“You Have To Support The Home Nations”: Not If You’re English – The London Economic

“You Have To Support The Home Nations”: Not If You’re English

By Nathan Lee

The first football shirt I ever owned was a fake replica Scotland kit delivered in a plastic box from Leeds market.

I wore it with pride. The navy blue top was striking atop a pair of white shorts and matching football socks and it never struck me as an issue donning a national shirt of another home nation.

But as I’ve grown older I’ve become familiar with a general hatred of the English shared by other British nations. In the last Six Nations tournament I felt like a stranger in my own country supporting England against France in a London pub filled with French supporters with Welsh, Scottish and Irish accents.

And the hatred has been palpable in this year’s Euro 2016 tournament. For the first time ever England qualified alongside Wales and Northern Ireland with the Scots the only country narrowly missing out on a place in the finals.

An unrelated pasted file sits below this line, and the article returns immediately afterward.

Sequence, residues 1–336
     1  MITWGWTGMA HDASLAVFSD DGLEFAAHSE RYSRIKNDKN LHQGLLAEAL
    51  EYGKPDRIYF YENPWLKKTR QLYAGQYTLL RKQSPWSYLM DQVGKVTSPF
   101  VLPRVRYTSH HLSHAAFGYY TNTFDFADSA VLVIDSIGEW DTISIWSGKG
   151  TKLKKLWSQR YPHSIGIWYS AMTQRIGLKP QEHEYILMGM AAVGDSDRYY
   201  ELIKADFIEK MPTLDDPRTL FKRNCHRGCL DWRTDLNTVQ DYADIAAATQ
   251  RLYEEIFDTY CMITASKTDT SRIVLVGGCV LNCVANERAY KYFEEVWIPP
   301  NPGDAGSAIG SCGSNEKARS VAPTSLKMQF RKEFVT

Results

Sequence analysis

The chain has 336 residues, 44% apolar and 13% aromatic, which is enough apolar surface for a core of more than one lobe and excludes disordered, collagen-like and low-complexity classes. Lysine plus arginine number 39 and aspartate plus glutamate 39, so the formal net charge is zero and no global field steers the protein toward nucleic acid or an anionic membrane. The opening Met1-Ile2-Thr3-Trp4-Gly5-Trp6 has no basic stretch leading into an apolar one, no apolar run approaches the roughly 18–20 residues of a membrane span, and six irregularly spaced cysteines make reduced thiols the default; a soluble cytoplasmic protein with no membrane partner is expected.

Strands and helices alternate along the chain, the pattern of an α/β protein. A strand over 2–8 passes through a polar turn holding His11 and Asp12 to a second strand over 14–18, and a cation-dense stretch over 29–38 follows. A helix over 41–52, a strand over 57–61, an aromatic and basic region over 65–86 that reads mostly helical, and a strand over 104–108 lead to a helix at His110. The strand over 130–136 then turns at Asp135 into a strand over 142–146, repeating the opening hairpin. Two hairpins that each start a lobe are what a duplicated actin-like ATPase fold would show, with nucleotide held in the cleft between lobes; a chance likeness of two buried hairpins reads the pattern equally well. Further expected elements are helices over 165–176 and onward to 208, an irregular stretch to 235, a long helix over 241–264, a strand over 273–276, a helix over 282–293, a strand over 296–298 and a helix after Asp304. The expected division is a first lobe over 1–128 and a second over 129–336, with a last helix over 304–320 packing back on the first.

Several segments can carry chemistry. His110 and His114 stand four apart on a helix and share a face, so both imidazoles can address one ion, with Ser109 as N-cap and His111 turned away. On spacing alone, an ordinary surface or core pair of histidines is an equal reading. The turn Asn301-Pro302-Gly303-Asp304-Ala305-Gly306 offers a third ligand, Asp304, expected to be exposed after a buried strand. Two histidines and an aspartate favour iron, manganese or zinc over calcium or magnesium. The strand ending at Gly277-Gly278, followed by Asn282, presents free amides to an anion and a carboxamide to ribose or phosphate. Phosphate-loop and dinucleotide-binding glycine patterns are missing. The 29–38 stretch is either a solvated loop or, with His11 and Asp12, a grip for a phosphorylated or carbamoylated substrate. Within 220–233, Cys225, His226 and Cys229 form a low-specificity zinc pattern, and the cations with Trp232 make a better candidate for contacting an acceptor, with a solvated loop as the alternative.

But this has caused more division than unity. When England met their inevitable demise in the last 16 sales of Iceland shirts in Scotland boomed. Kit makers said they had received thousands of orders from Scotland no doubt looking to revel in England’s misery. As for our other Celtic counterparts the support has been, well, lacking:

So asked whether I will be supporting a home nation tonight when Wales take on Belgium in the Quarter Finals my answer is no. I’m English, and I’m not feeling the love from the other side.

1 Response

  1. Robbie craig

    I can see where you are coming from with this but as a Scot brought up in England, your experience of the way the other home nations are presented is different. An England defeat is an seen as an aberration and the commentary and analysis is always thru the lens of English based commentators and experts, who don’t really know much about the topic and always turn the conversation to England. When Scotland (sigh) qualified for tournaments they were always an add on to hours of coverage of England. It is this that turns off fans not the team. I have enjoyed games more since I found that on the BBC there is a commentary free feed and I stopped reading tabloids. Also, there is a news blackout on negative attitudes by England players, I saw tweets by the Icelandic players about what was said about them by England players.

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